Happy earnings season! In this week's Motley Fool Money, host Chris Hill, together with Motley Fool analysts Andy Cross, Emily Flippen, and Ron Gross, hit on some of the biggest earnings news.

Alphabet (NASDAQ:GOOGL) (NASDAQ:GOOG), at a whopping $800 billion market cap, somehow managed to grow its revenue 19%. Shares of Snap (NYSE:SNAP) shot up 30% after posting an extremely promising report. Shares of Tesla (NASDAQ:TSLA) tanked after some disappointing and alarming news. Starbucks (NASDAQ:SBUX) nailed it in China even as strong competitors like Luckin (OTC:LKNC.Y) took root.

Also, stay tuned for earnings takeaways from Amazon.com (NASDAQ:AMZN), Facebook (NASDAQ:FB), Align Technology (NASDAQ:ALGN), MarketAxess (NASDAQ:MKTX), Boston Beer (NYSE:SAM), Chipotle Mexican Grill (NYSE:CMG), Hasbro (NASDAQ:HAS), Mattel (NASDAQ:MAT), McDonald's (NYSE:MCD), and more. And, as always, the analysts wrap up with some stocks on their radar this week.

To catch full episodes of all The Motley Fool's free podcasts, check out our podcast center. A full transcript follows the video.

This video was recorded on July 26, 2019.

Chris Hill: It's the Motley Fool Money radio show! I'm Chris Hill. Joining me in studio this week, senior analyst Andy Cross, Emily Flippen, and Ron Gross. Good to see you as always! It's Earningspalooza! We've got so many earnings stories, we didn't even schedule a guest this week. But as always, we'll give you an inside look at the stocks on our radar. 

We're going to begin with the big macro. The latest GDP numbers came out Friday morning from the Commerce Department. The U.S. economy grew 2.1% in the latest quarter. Andy Cross, let me start with you. Next week we've got the Fed meeting. Everyone's going to be watching it, everyone's saying, what are they going to do with interest rates? How do you think this number impacts the Fed? 

Andy Cross: I think it's more evidence, clearly, that the growth is not off-the-charts high. It was a slowdown from the first quarter. A continuous slow down if you look over the year to year trend. But for me, this basically says the Fed is looking at the lower level of rate cuts next week. There were talks about maybe 25 or 50 basis points. I think this is going to be a 25 basis cut. I think it's all baked in that they're definitely going to cut. So it's not a question there. But just, I think this says, pretty much, growth is good. It's not phenomenal. It's a little bit ahead of expectations. No reason to go crazy and go up to the high end of the rate cut. 

Emily Flippen: Yeah, it's clear that this is definitely causing a little bit of a stir. We already got a little bit of a threat from President Trump, who after these numbers came out and tweeted that it was not bad considering we have the very heavy weight of the Federal Reserve anchor wrapped around our neck. That's just a testament to the fact that these numbers are pointing toward what the Fed's going to end up doing next week. I agree with Andy that a cut at this point has been baked in, both with estimates and companies and banks. I'd be surprised if we saw a big cut, but I think we would expect at least a small one.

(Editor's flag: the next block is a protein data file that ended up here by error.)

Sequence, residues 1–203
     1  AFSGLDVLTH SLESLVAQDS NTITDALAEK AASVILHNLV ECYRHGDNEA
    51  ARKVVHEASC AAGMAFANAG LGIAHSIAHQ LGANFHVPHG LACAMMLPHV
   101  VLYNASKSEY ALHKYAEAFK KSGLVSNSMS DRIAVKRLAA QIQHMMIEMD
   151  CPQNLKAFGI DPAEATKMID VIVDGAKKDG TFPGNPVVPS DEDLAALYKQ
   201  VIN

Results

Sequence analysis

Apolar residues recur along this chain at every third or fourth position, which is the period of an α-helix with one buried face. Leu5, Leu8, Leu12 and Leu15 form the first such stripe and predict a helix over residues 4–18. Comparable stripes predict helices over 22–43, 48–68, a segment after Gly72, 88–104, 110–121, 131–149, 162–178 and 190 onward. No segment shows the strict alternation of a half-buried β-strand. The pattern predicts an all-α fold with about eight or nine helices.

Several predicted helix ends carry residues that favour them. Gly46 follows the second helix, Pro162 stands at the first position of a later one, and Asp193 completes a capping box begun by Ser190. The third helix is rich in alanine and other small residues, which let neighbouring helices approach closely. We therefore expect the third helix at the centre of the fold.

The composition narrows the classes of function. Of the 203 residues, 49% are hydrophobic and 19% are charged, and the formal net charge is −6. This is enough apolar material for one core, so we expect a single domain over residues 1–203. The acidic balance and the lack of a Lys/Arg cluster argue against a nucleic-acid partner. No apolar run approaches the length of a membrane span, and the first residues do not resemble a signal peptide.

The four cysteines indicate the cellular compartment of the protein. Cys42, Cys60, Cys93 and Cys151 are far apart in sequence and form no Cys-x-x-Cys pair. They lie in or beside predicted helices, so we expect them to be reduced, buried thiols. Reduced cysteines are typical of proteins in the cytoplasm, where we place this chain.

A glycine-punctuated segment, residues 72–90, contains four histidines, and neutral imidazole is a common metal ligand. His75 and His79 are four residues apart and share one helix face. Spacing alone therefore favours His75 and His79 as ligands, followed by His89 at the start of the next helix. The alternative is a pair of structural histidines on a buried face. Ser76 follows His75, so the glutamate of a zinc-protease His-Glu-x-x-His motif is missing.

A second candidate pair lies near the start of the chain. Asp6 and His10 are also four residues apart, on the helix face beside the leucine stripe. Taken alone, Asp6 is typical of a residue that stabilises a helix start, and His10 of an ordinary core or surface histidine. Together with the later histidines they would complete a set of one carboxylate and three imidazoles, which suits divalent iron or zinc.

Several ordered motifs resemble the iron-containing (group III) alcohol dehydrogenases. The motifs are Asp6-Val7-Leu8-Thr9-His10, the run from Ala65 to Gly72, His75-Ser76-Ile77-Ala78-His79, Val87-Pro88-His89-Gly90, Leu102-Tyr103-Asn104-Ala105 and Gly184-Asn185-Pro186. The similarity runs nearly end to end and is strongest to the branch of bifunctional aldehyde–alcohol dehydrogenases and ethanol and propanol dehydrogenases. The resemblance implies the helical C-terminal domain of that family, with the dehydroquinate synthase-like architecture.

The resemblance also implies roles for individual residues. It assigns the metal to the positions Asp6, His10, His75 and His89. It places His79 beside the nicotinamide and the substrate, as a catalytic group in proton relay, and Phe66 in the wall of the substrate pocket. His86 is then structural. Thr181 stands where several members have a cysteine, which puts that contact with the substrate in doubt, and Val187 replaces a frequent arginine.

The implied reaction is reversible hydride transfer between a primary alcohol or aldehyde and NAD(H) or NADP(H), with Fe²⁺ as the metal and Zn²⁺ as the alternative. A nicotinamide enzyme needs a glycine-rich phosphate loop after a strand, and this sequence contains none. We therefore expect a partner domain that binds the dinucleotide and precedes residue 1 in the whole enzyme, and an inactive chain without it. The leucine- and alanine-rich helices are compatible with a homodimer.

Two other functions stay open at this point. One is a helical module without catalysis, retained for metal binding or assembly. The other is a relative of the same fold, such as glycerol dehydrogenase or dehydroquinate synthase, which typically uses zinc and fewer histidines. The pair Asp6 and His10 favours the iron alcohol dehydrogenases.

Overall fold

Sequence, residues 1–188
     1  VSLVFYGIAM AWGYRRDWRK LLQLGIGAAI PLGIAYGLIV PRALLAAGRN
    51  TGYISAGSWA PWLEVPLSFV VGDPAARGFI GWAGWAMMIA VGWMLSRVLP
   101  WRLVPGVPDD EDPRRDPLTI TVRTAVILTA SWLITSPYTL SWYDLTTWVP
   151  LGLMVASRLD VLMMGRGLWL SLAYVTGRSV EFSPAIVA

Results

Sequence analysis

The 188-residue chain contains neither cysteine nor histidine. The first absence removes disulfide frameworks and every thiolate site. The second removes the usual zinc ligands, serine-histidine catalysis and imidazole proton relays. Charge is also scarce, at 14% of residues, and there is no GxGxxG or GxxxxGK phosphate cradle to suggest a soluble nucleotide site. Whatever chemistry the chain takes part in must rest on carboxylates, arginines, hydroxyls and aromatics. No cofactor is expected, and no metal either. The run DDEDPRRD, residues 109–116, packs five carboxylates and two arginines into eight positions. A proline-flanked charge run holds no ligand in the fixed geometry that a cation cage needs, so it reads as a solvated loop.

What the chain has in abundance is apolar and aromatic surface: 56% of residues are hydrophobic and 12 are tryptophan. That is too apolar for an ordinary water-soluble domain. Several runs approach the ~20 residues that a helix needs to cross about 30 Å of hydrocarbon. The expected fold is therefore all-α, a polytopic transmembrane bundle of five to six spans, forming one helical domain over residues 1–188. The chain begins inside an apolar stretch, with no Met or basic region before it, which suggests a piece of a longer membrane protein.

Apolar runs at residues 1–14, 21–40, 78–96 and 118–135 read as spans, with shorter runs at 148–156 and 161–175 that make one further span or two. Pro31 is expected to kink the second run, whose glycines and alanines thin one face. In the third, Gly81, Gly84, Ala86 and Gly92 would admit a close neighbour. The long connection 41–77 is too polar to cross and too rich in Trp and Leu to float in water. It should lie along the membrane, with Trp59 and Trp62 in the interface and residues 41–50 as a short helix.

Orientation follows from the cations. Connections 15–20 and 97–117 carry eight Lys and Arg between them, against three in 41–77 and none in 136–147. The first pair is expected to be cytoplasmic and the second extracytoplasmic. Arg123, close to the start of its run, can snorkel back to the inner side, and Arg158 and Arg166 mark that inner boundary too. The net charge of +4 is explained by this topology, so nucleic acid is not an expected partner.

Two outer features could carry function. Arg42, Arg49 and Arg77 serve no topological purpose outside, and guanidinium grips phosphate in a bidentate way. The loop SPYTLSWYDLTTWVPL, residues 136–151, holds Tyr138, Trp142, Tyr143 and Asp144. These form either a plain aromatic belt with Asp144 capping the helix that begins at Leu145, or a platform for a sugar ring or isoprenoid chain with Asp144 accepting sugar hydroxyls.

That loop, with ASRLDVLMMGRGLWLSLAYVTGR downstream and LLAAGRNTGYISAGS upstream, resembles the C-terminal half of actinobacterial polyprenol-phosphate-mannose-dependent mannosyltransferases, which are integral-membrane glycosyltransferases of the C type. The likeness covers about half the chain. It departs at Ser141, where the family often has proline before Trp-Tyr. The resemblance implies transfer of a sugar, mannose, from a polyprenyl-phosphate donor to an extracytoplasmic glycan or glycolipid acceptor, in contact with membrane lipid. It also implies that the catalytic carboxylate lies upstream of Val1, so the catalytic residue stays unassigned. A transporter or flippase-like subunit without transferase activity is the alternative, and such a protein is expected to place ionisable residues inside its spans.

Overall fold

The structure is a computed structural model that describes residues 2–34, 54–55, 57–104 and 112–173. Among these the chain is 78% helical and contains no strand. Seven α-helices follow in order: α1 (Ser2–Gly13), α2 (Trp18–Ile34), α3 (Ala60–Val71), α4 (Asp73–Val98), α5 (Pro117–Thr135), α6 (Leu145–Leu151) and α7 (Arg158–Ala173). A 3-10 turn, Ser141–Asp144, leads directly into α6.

Ron Gross: The non-fake news is that business spending was weak, and that's why the overall number was weak, largely probably -- "largely probably." Can one say that?

Hill: Sure!

Gross: Probably because businesses are a little bit wary of tariffs and trade wars and unwilling to spend as much as they have. So that's probably what's going on. The Fed also likes to balance cuts with inflation. Right now, we're at about 1.8%. The Fed target's 2%. We're still below that. But we are at the highest number since the third quarter of last year. So, just keep an eye on inflation. 

Hill: Alright, let's get to the earnings. We're going to start with Alphabet. Second quarter profits and revenue came in higher than expected. Shares of Alphabet up more than 10% on Friday. Andy, that is a huge day for one of the biggest companies in the world. 

Cross: [laughs] Yeah, for an almost $800 billion market cap company, it's pretty impressive. Revenue was up 19%, that was an acceleration off the first quarter. Earnings per share, when you adjust for the European Commission fine they had last year, were up about 21%. Operating income up a little bit less, 13% if you bake in the European Commission fine. Overall pretty good. The revenue breakdown just from Google property, which is the main business, was up 19%, up 16% on Google properties. That's an acceleration, again, off the first quarter. So I think investors are looking at Google, such a large company, and they're seeing continued momentum as consumers continue to use Google as their primary search engine. That's having a benefit for the ad business, and showing up clearly in both the top line and the bottom line. 

Interesting, Chris, they did announce a $25 billion share buyback --

Gross: At this level. That's interesting!

Cross: Yeah, at this level, exactly. The stock's done very well. At that size, and it's not a huge move, only about 3% of the market cap, but it is a significant amount of their annual free cash flow. So the question I have is, when you think about all the investments Google could make, they decide to plow a bunch of more money into their stock? Just says that maybe the investment at that amount of capital, it's very hard to get a good return on investment in from a company that size.

Gross: I'd actually prefer to see a dividend on the stock at this level than a stock buyback. It'll be really interesting as us Monday morning quarterbacks look back a year or two from now and decide whether that was a smart use of capital or not. 

Hill: Well, let's look back three months for a second. You go back to the last quarter, Andy, and one of the stories out of Alphabet's report back then was YouTube. Ruth Porat, the phenomenal CFO at Alphabet, was clearly not happy last quarter with YouTube. Seems like YouTube certainly performed better this quarter.